His boss, a fellow Sikh, warned him to be careful coming into work that morning. But Sethi never expected the moment that followed.
As he crossed a street in Southeast Portland, someone honked at him and deliberately tried to run him over. The car missed Sethi by a hair.
In response, Sethi turned toward outreach and organization to educate people about his faith and build bridges with other communities.
I was reaching out, even if they gave me looks, said Sethi. Most people were simply inquisitive.
Over the past decade, Sethi has been actively involved in interfaith initiatives all over the Portland-Vancouver metropolitan area.
For me, that turned most of the things around positively, said Sethi.
Building the beloved community
Wajdi Said, president of the Muslim Educational Trust, took the stage after embracing Reverend Hector Lopez, minister of Interfaith Ministries.
This is my brother from another mother, said Lopez.
Said and Lopez both reflected on the sense of community forged in the aftermath of the attacks.
Despite the hateful rhetoric and racism, I am hopeful ... Hope lives in everyone of us, said Said.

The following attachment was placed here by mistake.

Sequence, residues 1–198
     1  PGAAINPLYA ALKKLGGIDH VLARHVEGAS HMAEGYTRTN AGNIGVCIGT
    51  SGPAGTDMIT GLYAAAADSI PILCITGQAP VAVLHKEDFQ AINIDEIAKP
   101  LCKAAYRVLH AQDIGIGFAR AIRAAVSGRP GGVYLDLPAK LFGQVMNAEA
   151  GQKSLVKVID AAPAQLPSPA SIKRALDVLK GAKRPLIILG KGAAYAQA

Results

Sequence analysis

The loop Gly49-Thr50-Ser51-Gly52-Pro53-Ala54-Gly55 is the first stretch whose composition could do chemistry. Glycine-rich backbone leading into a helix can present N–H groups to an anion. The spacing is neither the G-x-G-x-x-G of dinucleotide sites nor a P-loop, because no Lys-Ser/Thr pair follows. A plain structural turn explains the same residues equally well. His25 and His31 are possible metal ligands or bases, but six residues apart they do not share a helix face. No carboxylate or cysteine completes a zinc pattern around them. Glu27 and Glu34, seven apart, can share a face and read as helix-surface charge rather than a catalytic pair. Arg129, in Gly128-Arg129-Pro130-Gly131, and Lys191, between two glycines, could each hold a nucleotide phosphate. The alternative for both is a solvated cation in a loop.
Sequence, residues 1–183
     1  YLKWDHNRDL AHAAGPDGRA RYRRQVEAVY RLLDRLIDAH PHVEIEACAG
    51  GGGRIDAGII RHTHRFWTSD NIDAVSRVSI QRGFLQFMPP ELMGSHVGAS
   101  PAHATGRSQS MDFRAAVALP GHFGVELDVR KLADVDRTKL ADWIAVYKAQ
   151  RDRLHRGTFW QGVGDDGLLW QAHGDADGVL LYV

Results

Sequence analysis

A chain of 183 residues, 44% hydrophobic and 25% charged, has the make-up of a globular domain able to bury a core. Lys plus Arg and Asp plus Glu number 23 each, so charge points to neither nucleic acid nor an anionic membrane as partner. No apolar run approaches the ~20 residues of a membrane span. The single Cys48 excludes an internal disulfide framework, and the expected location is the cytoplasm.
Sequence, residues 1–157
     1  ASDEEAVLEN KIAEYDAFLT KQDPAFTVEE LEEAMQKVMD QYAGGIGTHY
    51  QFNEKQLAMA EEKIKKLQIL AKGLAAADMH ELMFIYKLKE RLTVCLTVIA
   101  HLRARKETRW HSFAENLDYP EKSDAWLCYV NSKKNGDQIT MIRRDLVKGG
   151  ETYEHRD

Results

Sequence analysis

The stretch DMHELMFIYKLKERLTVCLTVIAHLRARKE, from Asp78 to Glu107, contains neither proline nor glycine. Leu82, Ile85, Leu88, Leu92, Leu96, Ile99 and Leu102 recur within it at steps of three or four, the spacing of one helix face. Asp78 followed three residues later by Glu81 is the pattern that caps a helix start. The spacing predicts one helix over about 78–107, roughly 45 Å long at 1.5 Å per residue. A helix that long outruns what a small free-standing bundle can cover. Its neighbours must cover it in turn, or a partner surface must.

After 9/11, Lopez called a meeting of dozens of faith communities in the Portland area.
One of the things that developed was an incredible sense of community between Muslims and Christians and Jews and people who arent part of faith groups. They came together in a way that astounded us, he said.
But that initial spirit of solidarity eventually waned, explained Lopez.
After a while, things just got back to normal. We dont think its possible to go back to normal after an event like 9/11. We cannot take a break from that, Lopez said.
When Islamophobia is yelling out, its about coming together for our Muslim brothers and sisters, said Reverend Lynne Smouse Lopez, pastor of the Ainsworth United Church of Christ.
Sundays event was the first in a series of three gatherings. Future events will focus on intentional community-building and social action.
Its about other injustices too. There are 9/11s happening everywhere, said Hector Lopez.
Speakers and attendees alike reflected on what they characterized as the importance of forging friendships with people from other faith and philosophical perspectives.
Its about brushing up against other people and coming away changed, said Lynne Lopez.